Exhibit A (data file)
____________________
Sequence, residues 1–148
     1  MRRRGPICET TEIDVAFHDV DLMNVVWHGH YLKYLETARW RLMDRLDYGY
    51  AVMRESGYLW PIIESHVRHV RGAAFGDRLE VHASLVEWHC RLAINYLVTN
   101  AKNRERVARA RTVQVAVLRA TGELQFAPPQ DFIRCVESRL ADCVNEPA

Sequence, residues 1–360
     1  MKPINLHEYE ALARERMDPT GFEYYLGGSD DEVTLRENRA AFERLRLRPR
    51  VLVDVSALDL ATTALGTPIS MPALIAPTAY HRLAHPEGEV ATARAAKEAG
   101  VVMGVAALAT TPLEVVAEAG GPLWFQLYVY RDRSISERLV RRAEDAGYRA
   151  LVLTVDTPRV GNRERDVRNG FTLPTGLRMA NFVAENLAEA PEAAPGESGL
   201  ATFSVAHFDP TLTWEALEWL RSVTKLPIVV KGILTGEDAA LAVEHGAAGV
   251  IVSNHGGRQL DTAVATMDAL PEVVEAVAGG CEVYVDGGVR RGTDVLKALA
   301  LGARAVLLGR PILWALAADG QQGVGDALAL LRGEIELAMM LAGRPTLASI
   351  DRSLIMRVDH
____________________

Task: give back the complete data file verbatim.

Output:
Sequence, residues 1–148
     1  MRRRGPICET TEIDVAFHDV DLMNVVWHGH YLKYLETARW RLMDRLDYGY
    51  AVMRESGYLW PIIESHVRHV RGAAFGDRLE VHASLVEWHC RLAINYLVTN
   101  AKNRERVARA RTVQVAVLRA TGELQFAPPQ DFIRCVESRL ADCVNEPA

Sequence, residues 1–360
     1  MKPINLHEYE ALARERMDPT GFEYYLGGSD DEVTLRENRA AFERLRLRPR
    51  VLVDVSALDL ATTALGTPIS MPALIAPTAY HRLAHPEGEV ATARAAKEAG
   101  VVMGVAALAT TPLEVVAEAG GPLWFQLYVY RDRSISERLV RRAEDAGYRA
   151  LVLTVDTPRV GNRERDVRNG FTLPTGLRMA NFVAENLAEA PEAAPGESGL
   201  ATFSVAHFDP TLTWEALEWL RSVTKLPIVV KGILTGEDAA LAVEHGAAGV
   251  IVSNHGGRQL DTAVATMDAL PEVVEAVAGG CEVYVDGGVR RGTDVLKALA
   301  LGARAVLLGR PILWALAADG QQGVGDALAL LRGEIELAMM LAGRPTLASI
   351  DRSLIMRVDH